NEW YORK, UNITED STATES – FEBRUARY 21, 2020: Former Hollywood film producer Harvey Weinstein leaves … [+]
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Harvey Weinstein may have been convicted in the US and is awaiting sentencing, but in the UK since #metoo started there have been a number of inquiries and consultations looking at sexual harassment in the workplace, including the use, and misuse, of non-disclosure agreements.
Over a year after the Government published its response to the UK Parliament Women and Equalities Committee (“WEC”) Inquiry Report and recommendations into sexual harassment in the workplace, we have seen no new legislation seeking to deal with the key issues highlighted by the Report and no indication that new law will be on the horizon any time soon.
It was the issue of NDAs which got much focus during 2018. Often cited as one of the key reasons sexual harassment was able to be perpetuated for so long, there were many calls to ban them completely.
The Government have not legislated on the issue of NDAs. There was a further consultation on this issue with the WEC being tasked to investigate the matter. Their report was published in June 2019 and the Government’s response was published in October 2019.
What is an NDA?
An NDA is any confidentiality clause in a contract which prohibits disclosure of information. The majority of NDAs which arise in a sexual harassment context are contained within settlement agreements, which are contracts used to settle claims and potential claims made against employers, often at the termination of someone’s employment. Those contracts do a variety of things, frequently they contain arrangements for the termination of an employee’s employment, confidentiality provisions around business confidential information, such as trade secrets, details of the financial settlement, and waivers of claims, sometimes from both parties. Those contracts almost always contained a clause which prohibited the employee disclosing the existence and terms of the contract, and, many of those clauses also prohibited the disclosure of the circumstances which led to the agreement and/or termination of employment. It was these aspects of the clauses which were troubling the WEC and many others. Clauses of that type had been entered into by many employees, including, famously, Zelda Perkins, former employee of Miramax. Perkins gave evidence to the WEC that she had to negotiate the terms of the agreement in an overnight settlement meeting, and that she believed that if she breached the NDA, she would probably go to jail.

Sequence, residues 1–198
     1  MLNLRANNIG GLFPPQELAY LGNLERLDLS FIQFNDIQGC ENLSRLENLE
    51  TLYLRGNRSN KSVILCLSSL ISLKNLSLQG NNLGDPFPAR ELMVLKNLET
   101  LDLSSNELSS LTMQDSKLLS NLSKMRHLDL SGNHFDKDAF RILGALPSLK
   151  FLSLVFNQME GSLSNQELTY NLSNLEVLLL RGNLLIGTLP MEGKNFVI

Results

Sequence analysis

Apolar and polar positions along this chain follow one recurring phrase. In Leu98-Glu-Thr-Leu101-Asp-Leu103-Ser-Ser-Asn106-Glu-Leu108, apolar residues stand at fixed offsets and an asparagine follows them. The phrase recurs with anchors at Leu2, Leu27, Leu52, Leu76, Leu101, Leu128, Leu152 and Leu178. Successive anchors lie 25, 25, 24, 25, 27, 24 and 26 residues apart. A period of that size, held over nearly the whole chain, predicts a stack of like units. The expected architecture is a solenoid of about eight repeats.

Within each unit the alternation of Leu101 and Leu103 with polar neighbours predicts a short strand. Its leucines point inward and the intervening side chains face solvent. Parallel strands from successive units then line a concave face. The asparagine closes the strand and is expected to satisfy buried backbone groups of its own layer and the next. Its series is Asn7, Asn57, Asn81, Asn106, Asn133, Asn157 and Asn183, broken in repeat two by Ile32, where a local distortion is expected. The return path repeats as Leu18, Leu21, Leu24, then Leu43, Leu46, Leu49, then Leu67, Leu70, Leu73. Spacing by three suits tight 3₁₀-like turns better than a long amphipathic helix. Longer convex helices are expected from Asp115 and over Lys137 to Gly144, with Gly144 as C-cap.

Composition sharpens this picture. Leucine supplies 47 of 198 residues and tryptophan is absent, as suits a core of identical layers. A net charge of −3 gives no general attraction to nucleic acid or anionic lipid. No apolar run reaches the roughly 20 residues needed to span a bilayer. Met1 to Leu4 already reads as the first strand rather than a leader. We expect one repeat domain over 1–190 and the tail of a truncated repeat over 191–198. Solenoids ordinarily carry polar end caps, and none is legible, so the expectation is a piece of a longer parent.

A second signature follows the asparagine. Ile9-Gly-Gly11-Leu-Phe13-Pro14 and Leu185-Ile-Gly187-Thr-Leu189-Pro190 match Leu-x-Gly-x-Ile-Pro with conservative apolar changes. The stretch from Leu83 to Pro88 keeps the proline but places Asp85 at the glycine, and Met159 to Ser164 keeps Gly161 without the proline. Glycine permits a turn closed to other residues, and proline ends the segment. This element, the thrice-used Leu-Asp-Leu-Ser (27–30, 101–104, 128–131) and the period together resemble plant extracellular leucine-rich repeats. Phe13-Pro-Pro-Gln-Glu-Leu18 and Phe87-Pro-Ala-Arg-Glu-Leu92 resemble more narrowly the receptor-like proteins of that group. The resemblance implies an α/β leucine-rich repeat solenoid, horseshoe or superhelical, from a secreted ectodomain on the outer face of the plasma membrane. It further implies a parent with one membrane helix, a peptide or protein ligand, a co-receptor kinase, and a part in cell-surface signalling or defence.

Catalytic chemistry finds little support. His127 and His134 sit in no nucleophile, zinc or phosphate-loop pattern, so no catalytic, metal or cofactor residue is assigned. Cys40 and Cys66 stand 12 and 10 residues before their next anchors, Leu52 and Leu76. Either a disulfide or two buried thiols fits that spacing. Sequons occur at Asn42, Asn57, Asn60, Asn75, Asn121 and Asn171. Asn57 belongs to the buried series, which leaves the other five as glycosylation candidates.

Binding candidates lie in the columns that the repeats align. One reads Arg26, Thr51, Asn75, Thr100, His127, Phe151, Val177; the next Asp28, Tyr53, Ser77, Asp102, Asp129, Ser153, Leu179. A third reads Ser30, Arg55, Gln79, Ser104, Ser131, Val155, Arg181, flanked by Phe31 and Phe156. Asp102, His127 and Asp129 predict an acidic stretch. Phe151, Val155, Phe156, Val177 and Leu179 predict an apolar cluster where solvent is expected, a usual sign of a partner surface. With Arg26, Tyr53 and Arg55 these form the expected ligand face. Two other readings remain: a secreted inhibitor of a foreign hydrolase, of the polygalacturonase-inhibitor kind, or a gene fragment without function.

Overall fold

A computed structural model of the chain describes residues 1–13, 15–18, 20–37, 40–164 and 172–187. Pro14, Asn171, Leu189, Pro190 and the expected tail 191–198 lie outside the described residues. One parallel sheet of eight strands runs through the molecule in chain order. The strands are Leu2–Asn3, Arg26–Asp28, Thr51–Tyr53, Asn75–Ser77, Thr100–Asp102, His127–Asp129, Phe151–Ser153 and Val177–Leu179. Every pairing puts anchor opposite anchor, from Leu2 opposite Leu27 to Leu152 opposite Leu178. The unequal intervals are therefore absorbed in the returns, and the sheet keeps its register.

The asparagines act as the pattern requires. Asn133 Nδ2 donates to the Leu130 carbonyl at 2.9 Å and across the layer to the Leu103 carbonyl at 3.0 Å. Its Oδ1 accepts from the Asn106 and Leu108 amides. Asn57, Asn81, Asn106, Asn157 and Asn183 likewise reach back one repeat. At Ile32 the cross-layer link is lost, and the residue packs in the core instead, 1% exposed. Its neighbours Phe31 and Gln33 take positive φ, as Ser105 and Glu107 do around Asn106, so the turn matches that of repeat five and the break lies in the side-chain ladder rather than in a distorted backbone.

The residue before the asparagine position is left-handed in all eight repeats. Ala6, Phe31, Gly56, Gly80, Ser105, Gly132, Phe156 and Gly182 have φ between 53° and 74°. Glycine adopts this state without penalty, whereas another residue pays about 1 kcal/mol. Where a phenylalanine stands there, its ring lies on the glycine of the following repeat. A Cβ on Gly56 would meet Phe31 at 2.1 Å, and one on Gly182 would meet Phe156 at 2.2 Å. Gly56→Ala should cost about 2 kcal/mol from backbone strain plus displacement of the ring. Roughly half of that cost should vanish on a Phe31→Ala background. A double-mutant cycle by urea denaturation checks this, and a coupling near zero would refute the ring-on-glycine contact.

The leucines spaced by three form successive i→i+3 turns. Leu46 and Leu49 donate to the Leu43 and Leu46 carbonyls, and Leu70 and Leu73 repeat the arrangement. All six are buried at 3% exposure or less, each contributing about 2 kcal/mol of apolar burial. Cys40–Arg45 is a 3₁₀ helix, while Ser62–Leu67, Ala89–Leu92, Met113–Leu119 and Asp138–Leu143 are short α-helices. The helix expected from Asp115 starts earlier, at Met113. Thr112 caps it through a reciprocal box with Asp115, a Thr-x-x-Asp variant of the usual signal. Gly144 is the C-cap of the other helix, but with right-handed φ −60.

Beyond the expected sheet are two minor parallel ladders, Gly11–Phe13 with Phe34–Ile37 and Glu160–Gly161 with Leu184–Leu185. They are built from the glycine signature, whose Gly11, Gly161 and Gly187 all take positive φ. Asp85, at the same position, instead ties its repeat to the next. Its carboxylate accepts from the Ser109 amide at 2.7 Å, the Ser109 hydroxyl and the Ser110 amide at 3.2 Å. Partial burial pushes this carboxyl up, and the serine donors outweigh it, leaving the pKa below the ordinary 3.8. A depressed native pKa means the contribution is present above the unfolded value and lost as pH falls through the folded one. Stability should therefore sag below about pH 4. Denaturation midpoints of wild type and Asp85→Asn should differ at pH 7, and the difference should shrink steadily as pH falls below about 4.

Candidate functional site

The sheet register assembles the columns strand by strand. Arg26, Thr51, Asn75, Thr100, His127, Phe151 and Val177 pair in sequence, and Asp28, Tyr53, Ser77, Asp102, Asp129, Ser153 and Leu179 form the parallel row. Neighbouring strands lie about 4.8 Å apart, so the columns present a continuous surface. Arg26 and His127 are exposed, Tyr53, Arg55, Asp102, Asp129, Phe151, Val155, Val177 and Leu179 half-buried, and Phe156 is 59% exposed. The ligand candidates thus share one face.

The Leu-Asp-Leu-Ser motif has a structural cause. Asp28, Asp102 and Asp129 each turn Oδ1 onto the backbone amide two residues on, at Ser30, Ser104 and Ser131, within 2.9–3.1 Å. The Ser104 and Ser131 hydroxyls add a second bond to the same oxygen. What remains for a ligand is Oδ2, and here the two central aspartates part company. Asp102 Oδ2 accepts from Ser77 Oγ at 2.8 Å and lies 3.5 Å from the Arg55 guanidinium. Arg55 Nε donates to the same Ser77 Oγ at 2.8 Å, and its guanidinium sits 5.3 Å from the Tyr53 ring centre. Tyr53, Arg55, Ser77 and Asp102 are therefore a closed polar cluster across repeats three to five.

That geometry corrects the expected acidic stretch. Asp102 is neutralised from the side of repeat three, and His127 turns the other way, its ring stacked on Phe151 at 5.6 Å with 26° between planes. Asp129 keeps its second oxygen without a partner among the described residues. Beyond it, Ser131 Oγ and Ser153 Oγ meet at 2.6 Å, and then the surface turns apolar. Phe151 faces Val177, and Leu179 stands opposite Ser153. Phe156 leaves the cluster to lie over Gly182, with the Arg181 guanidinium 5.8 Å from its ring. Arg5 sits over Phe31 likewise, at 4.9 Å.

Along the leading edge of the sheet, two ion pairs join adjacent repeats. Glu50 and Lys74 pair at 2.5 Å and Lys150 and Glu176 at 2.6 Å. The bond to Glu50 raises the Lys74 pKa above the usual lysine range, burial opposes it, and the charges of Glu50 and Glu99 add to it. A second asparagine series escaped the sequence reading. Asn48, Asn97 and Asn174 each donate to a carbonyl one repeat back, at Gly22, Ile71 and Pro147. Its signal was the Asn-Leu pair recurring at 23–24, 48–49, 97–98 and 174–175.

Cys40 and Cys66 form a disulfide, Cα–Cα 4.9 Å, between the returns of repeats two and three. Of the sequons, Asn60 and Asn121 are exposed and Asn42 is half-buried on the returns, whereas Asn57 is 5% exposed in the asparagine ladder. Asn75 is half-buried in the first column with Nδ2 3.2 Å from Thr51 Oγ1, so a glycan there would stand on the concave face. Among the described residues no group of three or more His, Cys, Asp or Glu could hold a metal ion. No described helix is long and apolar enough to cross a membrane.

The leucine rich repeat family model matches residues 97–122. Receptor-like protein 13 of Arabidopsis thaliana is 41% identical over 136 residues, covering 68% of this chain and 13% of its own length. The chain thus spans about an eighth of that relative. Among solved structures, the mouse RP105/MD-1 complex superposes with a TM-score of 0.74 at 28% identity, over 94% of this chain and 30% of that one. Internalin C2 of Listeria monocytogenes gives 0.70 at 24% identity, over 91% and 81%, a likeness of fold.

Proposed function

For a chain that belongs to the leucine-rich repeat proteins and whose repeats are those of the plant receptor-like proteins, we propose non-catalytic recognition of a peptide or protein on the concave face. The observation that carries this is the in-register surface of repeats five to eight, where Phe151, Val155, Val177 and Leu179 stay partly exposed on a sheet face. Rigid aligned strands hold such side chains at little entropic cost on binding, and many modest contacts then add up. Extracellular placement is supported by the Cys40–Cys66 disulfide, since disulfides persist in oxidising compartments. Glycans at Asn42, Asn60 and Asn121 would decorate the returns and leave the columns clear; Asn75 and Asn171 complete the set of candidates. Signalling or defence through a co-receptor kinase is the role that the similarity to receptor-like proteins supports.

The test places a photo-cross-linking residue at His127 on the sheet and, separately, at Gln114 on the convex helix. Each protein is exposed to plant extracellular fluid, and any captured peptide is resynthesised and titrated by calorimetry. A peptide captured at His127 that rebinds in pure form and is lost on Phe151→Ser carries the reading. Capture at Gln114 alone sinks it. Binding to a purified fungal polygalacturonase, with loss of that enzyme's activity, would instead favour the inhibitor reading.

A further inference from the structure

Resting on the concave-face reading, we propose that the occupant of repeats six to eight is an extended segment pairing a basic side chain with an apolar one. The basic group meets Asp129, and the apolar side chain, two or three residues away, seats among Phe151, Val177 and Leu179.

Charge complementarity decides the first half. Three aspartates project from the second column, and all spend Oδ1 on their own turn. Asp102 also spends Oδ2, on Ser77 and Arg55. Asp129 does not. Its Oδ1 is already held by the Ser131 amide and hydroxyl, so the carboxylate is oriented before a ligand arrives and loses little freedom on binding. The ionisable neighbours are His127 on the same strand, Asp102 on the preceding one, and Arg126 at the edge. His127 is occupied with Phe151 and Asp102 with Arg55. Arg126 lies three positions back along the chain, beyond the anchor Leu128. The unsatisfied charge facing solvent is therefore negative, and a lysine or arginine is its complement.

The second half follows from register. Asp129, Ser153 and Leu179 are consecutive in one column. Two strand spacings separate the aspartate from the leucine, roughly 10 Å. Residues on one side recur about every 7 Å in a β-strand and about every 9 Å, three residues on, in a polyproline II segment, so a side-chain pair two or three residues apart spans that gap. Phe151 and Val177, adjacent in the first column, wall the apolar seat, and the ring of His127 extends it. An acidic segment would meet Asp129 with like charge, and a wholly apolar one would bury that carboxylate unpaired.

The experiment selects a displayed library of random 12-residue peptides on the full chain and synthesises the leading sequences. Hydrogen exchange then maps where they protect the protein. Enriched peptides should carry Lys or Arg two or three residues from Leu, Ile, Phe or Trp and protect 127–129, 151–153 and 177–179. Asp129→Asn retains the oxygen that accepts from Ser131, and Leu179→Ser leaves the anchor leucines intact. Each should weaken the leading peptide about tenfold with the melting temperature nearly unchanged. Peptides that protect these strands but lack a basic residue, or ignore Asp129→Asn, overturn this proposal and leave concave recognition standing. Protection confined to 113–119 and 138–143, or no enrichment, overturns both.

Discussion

For the avoidance of doubt, that is not the case, and never was. An NDA contained in this type of agreement is a civil law matter, not one which will end up with someone going to prison, but, her belief highlighted another key issues with these clauses: that many people who had entered into them did not fully appreciate and understand what they had agreed to, the consequences of breaking the NDA and what the limitations of the NDA were.
What are the limitations?
Even without any change in the law, there are limits to what an NDA can prohibit. They cannot, for example, prevent someone from reporting a crime to the police or from reporting a regulatory breach to a regulator, such as the FCA. They cannot prevent someone from making a protected disclosure, that is a disclosure under whistle-blowing legislation. This has long been the position on NDAs but it was not widely understood and until 2018 no spotlight had ever been shone on it. It was clear that not everyone signing an NDA fully understood the limitations and, further, that not all NDAs stated the limitations, making it even harder for those entering into them to know what they were agreeing to. Under UK employment law, someone signing a statutory settlement agreement, that is an agreement to settle statutory employment claims, which includes discrimination and harassment claims, must receive legal advice. However, the level of advice inevitably varies, individuals in distress often don’t focus, understandably, on all aspects of the advice received as they are often under intense pressure to settle. If an employee seeks to refer to the document several years later, they may not have retained the advice or ever have received it in writing and may, therefore, simply take what is written in the NDA as the full position.